Recently, I spent an interesting week on the road for business. From the thrill of seeing the new and unusual to the agony of losing my wallet, I had a lot to talk about — for better and for worse.
For the first time in ages, I actually felt like getting behind a microphone because I had real stories to tell.
When was the last time you took your show on the road? Sitting in a studio without the occasional excursion can become routine and lead toward a “sameness” in approach. It’s not too late to plan now for your 2017 radio tour broadcasts! Here are a few thought starters.
How often? Once per quarter for a major live-on-the-road broadcast is enough to leave an impression on your regular listeners. In between, getting the show out once per month locally is certainly worth scheduling.
Who goes? Morning shows are the best vehicle for road tripping. The audience is accustomed to hearing more chatter in the morning and will totally enjoy the character development as the on-air team describes what’s taking place. If you have a team of four, I say go for it and take everybody. The more people on the trip, the greater the likelihood that the shared experiences will be compelling.
What is your purpose or premise? While these on-the-road shows do take a great deal of planning, it’s much easier if you’re wrapping the broadcast around a concert, cultural festival or other major event. Because you have a pre-planned theme, it’s easy to describe during pre-promotion and at the actual broadcast (like the Super Bowl, the CMAs, the Grammys, Bonaroo, etc.)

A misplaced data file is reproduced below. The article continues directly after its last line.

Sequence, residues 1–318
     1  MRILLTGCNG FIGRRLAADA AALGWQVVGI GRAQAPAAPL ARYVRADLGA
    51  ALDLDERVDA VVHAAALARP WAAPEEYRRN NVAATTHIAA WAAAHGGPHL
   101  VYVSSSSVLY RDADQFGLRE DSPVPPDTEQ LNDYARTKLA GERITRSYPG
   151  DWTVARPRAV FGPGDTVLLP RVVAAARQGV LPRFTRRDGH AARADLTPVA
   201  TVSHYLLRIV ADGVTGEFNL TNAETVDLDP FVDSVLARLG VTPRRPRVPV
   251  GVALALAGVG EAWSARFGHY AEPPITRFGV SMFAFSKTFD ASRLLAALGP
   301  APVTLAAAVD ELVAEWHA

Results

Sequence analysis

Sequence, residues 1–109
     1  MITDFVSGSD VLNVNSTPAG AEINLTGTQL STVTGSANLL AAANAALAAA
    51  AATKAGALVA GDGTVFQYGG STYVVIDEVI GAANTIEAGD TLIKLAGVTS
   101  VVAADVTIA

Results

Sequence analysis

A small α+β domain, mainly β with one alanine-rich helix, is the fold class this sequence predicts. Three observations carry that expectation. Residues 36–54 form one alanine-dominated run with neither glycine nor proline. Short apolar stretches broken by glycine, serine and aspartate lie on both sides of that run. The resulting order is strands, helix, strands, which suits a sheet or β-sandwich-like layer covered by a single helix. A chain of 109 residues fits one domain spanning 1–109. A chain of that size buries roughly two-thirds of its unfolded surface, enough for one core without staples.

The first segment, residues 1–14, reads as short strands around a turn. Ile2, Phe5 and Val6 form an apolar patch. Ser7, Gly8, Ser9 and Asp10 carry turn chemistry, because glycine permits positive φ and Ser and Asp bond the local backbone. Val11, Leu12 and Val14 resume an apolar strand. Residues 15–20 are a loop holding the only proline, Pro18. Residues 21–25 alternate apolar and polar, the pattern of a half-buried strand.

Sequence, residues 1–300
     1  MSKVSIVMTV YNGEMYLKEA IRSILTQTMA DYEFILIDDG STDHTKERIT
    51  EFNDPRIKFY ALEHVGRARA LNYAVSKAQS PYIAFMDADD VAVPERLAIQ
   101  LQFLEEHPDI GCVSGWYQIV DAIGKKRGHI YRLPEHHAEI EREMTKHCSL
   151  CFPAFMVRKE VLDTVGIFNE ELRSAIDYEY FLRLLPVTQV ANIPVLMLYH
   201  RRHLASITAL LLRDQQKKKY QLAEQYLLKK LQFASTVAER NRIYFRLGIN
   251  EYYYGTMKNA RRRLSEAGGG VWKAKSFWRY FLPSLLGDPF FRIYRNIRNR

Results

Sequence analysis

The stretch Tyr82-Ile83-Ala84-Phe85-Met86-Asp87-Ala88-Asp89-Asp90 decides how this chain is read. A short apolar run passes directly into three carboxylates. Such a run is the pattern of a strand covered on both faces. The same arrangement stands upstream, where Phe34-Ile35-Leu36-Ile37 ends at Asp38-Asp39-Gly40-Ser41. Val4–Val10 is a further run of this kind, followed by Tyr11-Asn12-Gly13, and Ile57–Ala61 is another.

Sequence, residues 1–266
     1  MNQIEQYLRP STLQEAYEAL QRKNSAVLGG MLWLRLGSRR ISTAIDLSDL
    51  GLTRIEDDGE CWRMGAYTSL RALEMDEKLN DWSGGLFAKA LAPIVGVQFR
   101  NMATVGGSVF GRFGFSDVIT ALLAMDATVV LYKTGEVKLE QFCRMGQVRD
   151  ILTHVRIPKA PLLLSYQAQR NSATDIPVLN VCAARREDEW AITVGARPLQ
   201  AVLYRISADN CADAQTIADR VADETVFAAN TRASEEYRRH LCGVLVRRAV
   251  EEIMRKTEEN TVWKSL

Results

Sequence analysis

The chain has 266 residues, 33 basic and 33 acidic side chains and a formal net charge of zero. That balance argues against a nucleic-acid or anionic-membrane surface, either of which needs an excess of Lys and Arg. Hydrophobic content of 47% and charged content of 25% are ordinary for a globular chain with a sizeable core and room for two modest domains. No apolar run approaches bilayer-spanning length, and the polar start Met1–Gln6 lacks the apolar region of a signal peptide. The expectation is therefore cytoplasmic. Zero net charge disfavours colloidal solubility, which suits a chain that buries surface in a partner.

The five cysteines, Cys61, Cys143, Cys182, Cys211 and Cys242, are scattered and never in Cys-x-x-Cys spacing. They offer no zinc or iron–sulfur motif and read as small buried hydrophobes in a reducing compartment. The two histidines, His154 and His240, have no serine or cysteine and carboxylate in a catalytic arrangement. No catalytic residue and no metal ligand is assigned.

It’s also likely that at huge events, you will have better access to celebrities. I have also heard of and participated in many broadcasts from fun vacation spots.
For example, you could spend two lovely days in Cleveland at the Rock & Roll Hall of Fame, describing the museum and the city, talking with people who can tell stories about inductions, or pre-recording some phoners with inductees. Follow the stars to Los Angeles and spend a day or two sightseeing and celebrity-seeking in Hollywood. Or search high and low in Philly for the best cheesesteak in the world.
Part of the fun is your team simply laughing about the previous day’s events and telling tales about how the show members have been dealing with each other. Regardless of where you go, record sound everywhere to use in the show and take pictures and video for social media and your website.
Who pays? While it takes effort, it is quite possible to obtain local advertisers to sponsor your road trip. Think outside the box to devise an unusual sales package that includes mentions in all pre- and post-promotion.
How about creating a contest during which one lucky pair of winners gets to join the trip? Listeners can register on your sponsor’s website or by text messaging an entry that generates a bounce-back coupon from the sponsor. Provide bumpers in and out of breaks during the shows plus live reads; you might even bring along the sponsor and his/her spouse to watch the broadcast and bond with your team.
Another approach is to trade the biggest expenses of the trip such as hotel, air and rental cars. If you work for a big company, maybe a pal in your destination’s market will actually let you run trade on her airwaves — and you’ll return the favor someday.
Three tips before you travel: 1) Take a picture of your driver’s license and store it in your email. 2) Leave that extra credit card at home. 3) Don’t lose your wallet!